Michael Hall went on to make other discoveries, in particular on how TOR controls cell growth. He showed that TOR signals through two separate signaling pathways to control several anabolic and catabolic processes which collectively determine mass accumulation and thereby cell size. The next major advance in the TOR field came in 2002, when Hall discovered two functionally and structurally distinct TOR complexes that he named TORC1 and TORC2. He then showed that the two complexes corresponded to the two previously identified TOR signaling pathways. This was a major advance because it provided a molecular basis for the complexity of TOR signaling. Michael Hall also started to work with mammalian cells and showed, along with others, that the two TOR complexes are conserved in mammals (mTORC1 and mTORC2).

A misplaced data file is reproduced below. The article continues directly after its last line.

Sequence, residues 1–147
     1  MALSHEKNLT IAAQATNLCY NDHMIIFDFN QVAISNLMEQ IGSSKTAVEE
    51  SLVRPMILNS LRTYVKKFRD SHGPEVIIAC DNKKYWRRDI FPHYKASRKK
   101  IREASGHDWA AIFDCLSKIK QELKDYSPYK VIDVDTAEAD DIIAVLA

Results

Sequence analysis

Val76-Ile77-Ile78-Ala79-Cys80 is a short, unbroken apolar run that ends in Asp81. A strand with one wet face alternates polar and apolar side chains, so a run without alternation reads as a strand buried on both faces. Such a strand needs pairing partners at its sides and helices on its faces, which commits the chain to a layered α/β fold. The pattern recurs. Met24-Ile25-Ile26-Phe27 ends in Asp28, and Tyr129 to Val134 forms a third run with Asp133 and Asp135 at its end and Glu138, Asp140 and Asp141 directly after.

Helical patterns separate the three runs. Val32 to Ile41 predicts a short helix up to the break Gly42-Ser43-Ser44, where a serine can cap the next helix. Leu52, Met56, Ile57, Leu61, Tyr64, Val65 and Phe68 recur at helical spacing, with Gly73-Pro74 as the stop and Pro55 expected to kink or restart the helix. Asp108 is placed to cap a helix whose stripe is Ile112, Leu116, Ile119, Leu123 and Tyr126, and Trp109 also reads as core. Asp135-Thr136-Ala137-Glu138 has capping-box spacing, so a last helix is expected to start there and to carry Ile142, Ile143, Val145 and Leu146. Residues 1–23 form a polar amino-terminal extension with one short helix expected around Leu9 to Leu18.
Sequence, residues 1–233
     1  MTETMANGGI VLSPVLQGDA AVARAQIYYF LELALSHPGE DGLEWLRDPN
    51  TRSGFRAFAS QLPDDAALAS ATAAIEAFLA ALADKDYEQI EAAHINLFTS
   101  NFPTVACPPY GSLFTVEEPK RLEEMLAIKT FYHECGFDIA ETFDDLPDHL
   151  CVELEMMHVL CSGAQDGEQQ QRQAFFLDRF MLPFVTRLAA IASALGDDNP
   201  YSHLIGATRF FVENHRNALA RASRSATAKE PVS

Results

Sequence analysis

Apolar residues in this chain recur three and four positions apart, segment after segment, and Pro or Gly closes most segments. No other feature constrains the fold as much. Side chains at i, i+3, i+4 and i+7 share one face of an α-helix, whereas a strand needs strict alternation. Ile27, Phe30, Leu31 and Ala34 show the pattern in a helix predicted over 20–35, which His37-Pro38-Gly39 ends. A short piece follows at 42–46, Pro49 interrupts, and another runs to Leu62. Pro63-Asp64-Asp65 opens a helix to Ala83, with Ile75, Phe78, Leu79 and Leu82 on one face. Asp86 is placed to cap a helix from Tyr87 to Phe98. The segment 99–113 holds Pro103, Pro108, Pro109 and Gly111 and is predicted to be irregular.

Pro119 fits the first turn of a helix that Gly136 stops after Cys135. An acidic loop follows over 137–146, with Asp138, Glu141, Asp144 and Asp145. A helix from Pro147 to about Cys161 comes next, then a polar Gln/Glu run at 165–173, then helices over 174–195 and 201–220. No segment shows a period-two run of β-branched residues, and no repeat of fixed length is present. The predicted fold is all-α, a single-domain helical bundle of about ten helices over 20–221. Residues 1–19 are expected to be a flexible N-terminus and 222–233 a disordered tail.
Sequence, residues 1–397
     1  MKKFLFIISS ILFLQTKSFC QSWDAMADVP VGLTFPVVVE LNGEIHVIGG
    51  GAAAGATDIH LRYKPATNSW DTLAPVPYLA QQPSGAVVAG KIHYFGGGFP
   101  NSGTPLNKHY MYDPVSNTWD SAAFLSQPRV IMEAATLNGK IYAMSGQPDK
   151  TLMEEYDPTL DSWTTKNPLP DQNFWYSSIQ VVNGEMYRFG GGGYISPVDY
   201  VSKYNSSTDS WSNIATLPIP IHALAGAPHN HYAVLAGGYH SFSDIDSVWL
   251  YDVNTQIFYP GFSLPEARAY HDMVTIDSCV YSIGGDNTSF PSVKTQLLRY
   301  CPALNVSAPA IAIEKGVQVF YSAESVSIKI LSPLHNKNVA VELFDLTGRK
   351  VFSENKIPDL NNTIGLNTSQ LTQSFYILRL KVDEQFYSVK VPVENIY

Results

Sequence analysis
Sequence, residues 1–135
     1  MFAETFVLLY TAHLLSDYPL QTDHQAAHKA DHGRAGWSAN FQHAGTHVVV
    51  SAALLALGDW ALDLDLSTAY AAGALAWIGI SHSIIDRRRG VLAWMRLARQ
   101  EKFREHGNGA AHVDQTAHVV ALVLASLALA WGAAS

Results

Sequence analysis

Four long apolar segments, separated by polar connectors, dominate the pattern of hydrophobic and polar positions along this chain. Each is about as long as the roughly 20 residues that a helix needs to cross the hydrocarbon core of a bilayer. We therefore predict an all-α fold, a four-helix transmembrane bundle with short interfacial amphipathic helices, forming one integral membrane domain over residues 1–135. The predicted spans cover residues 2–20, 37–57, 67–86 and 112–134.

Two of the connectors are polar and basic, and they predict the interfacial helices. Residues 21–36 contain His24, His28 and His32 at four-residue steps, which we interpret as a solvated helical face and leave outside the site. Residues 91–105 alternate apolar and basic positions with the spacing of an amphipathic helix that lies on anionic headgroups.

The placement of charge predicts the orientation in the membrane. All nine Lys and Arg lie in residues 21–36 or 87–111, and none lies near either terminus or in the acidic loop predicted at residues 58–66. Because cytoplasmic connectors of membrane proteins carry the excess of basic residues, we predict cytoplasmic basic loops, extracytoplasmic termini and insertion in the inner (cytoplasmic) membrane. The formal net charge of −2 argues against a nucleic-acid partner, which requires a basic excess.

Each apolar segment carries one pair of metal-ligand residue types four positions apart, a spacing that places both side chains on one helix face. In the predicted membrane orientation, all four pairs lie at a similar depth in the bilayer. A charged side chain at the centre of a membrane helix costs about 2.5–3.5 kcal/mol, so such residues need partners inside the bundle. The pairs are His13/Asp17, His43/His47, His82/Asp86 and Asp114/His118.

During the last ten years it has also become apparent that mTOR signaling plays a prominent role in aging and a wide variety of diseases characterized by ectopic cell growth (e.g., cancer) or metabolic imbalance (e.g., diabetes). The early work by Michael Hall has expanded the TOR field to a large area comprising basic and medical research, and the pharmaceutical industry. Remarkably, Michael Hall is not just the founder but has remained the leader in this highly competitive field for over 25 years. His current work continues to focus on mechanisms of mTOR signaling, but is also elucidating the roles of mTORC1 and mTORC2 in metabolic tissues and in tumors. The aim of the work on metabolic tissues is to understand how mTOR controls whole body growth and metabolism. The aim of the tumor work, in mice and humans, is to understand mechanisms of tumorigenesis and evasive resistance to targeted cancer therapies. In summary, Hall's studies on TOR elucidated fundamentally and clinically important biology.